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Everything about Navigation systems

We live in a fast-paced world where we have less and less time for ourselves. Endlessly searching for an address in a remote village is no longer possible. With a motorcycle navigation system, you no longer waste time finding the most beautiful roads. in this blog, we'll help you get started in the right direction

Why a motorcycle navigation system?

Navigation systems come in many forms. For example, you can buy separate (dedicated) navigation systems, but you also very often see a smartphone mounted on the motorcycle. Still, your phone can't compete with a real dedicated motorcycle navigation. For starters, such a dedicated device often offers a much brighter screen, so you can still read it well in the sun, in addition, they are really made to be used on the motorcycle and are therefore more resistant to the violence and especially the vibrations involved. The often larger casing offers the additional advantage of being able to accommodate a larger battery, and you can still operate the screen with your thick gloves. If you really want to explore the boundaries of civilization, there is a chance that your phone will lose signal, whereas a dedicated navigation system using stronger GPS receivers can show you the way without any problems.

But time has not stood still on the software side either and a navigation system can no longer just show you the quickest route. Most navigation systems give you the option of 'winding roads' which will lead you to your destination but on winding roads that are a lot more interesting for us motorcyclists! Nowadays you can often also share your own routes or load routes from others via .gpx files.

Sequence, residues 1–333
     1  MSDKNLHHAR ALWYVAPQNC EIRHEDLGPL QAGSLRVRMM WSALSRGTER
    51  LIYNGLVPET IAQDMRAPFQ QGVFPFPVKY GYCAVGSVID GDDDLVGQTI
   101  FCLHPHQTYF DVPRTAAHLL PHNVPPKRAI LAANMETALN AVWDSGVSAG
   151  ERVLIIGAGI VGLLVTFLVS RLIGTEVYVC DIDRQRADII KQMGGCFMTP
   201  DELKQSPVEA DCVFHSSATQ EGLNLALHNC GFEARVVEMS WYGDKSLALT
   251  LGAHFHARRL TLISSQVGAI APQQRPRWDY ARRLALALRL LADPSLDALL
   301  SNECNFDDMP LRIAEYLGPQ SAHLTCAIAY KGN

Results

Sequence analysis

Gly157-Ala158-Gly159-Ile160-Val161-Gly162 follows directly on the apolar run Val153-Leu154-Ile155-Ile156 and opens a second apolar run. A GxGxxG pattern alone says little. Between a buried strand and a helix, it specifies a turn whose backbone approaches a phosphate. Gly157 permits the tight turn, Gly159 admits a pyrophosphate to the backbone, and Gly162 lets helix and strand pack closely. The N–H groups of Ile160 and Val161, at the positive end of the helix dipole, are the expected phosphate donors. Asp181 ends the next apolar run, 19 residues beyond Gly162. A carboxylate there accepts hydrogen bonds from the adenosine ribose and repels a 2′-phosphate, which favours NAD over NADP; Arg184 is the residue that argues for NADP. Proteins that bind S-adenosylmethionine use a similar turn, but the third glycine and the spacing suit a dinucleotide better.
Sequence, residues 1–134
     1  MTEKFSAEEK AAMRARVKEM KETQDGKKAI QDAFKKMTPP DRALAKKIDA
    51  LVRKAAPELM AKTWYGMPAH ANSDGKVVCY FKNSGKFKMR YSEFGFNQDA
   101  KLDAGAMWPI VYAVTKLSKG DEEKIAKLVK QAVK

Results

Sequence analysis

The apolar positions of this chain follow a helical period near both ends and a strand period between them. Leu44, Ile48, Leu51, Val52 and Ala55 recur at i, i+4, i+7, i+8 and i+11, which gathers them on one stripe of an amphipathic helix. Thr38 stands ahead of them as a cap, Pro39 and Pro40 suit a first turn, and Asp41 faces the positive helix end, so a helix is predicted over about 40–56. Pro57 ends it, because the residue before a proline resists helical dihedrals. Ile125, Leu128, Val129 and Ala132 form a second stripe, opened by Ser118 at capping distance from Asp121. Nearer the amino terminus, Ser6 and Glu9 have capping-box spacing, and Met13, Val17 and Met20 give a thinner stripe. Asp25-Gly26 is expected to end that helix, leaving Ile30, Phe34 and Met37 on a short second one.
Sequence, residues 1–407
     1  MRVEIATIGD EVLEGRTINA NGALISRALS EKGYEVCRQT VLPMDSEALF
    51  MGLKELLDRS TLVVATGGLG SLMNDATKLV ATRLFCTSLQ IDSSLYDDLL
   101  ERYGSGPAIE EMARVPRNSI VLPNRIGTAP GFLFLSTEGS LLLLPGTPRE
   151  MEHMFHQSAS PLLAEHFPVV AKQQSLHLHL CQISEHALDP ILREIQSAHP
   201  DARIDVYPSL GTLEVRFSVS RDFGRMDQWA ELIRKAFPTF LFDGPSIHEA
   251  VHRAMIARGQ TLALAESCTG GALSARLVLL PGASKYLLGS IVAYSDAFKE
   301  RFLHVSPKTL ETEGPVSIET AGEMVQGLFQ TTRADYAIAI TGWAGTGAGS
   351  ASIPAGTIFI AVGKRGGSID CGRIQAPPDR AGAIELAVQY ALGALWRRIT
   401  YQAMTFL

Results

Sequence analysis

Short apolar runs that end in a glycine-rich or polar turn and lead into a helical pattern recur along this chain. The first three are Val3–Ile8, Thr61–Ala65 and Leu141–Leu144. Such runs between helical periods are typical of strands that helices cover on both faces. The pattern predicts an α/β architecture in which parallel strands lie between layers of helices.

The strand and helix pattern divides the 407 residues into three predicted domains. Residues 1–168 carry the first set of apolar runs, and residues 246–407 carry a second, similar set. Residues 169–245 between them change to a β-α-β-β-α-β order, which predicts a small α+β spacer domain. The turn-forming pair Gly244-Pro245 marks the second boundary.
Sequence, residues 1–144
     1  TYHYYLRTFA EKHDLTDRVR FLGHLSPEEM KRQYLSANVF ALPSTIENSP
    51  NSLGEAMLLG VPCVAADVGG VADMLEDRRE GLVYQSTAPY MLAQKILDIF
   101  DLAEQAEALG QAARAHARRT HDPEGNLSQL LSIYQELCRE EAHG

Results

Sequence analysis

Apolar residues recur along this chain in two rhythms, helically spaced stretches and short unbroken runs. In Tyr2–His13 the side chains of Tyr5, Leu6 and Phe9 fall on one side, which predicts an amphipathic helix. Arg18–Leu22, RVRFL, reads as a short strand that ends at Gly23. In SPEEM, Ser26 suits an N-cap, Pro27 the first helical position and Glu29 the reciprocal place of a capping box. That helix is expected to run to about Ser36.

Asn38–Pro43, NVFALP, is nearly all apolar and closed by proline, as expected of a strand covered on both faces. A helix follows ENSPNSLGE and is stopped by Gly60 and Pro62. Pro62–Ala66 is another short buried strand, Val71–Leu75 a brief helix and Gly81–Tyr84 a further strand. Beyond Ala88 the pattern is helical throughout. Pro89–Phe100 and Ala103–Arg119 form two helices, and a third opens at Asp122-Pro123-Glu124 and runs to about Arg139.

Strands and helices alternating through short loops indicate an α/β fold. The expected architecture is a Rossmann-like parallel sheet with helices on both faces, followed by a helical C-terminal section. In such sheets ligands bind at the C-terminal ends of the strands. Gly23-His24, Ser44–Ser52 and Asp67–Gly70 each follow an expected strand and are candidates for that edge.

What navigation systems are there?

There are several motorcycle navigation systems on the market, but there are two brands that you really can't ignore; Garmin & TomTom. TomTom we all know from car navigation, and they have really become a big player in the motorcycle world with the Rider series. Garmin was one of the first to bring GPS devices for motorcycles onto the market, and today it is hard to imagine a world without it. TomTom has recently reduced the range to just the Rider 550 with a suggested retail price of €399.95. At Garmin you have the choice of the Zumo 346 LMT-S, Zumo 396 LMT-S and the Zumo XT which have recommended retail prices of €299.99, €339.99 and €499.99 respectively.

GARMIN ZUMO XT VS TOMTOM Rider 550

Two of our top picks are the TomTom Rider 550 and the Garmin Zumo XT but what are the differences? We start with the Garmin Zumo XT; it has a 5.5 inch screen and a modern design. The TomTom Rider 550 is a bit smaller and has a 4.3 inch screen, with the typical convex design that we are used to from TomTom navigation systems. Both navigation systems support map and software updates via wifi.

Even though both navigation systems have pre-installed maps of Europe, the TomTom 550 wins with coverage of 152 countries.

Finally, when you buy a Garmin Zumo XT, you get extra mounting options so you can also use it in the car.